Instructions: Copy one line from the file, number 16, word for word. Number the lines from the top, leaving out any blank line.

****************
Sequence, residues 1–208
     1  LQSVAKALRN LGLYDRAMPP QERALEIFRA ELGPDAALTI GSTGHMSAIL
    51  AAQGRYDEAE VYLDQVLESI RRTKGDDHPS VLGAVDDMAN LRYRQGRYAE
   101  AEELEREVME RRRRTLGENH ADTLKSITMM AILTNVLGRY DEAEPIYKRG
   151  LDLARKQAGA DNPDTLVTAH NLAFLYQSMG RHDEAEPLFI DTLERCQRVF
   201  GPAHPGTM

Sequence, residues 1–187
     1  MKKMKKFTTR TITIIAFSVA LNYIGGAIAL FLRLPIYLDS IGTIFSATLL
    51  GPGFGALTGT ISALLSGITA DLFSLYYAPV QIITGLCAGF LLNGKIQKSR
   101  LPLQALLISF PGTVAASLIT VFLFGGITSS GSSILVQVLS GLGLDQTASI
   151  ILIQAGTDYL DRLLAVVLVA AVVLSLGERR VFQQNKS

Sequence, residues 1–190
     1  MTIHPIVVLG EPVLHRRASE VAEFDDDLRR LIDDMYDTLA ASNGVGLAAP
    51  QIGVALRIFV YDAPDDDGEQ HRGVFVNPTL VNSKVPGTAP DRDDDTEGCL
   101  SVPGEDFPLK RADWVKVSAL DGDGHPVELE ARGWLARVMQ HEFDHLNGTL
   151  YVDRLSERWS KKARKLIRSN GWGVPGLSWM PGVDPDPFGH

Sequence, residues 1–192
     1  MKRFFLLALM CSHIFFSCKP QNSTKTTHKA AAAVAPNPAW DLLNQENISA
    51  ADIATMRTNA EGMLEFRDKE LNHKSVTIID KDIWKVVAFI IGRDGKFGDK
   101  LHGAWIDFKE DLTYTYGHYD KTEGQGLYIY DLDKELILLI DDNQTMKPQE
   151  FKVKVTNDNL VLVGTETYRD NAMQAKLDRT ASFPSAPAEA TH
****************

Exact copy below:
   151  YVDRLSERWS KKARKLIRSN GWGVPGLSWM PGVDPDPFGH